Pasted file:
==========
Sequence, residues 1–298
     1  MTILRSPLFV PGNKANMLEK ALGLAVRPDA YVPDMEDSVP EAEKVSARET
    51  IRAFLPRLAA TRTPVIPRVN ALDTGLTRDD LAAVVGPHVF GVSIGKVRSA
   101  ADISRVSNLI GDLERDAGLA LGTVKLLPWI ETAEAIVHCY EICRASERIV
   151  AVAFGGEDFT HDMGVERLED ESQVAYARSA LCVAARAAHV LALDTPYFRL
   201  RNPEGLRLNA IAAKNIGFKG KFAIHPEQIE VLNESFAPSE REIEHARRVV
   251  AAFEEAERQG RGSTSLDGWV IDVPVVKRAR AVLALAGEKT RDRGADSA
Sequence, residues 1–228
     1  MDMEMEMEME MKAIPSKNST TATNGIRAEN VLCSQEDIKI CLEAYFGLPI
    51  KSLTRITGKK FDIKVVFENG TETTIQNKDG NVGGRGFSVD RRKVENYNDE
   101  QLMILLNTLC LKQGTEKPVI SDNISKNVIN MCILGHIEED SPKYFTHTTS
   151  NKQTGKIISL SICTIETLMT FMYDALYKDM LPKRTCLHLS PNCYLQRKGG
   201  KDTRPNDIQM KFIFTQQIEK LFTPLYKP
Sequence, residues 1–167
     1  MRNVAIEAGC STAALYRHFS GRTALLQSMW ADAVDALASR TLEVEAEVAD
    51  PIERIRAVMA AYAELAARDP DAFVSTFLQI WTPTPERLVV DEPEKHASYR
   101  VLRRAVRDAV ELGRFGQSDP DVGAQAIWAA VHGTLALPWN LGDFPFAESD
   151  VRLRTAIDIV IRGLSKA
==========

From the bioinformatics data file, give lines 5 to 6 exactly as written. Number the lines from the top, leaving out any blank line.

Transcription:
   151  AVAFGGEDFT HDMGVERLED ESQVAYARSA LCVAARAAHV LALDTPYFRL
   201  RNPEGLRLNA IAAKNIGFKG KFAIHPEQIE VLNESFAPSE REIEHARRVV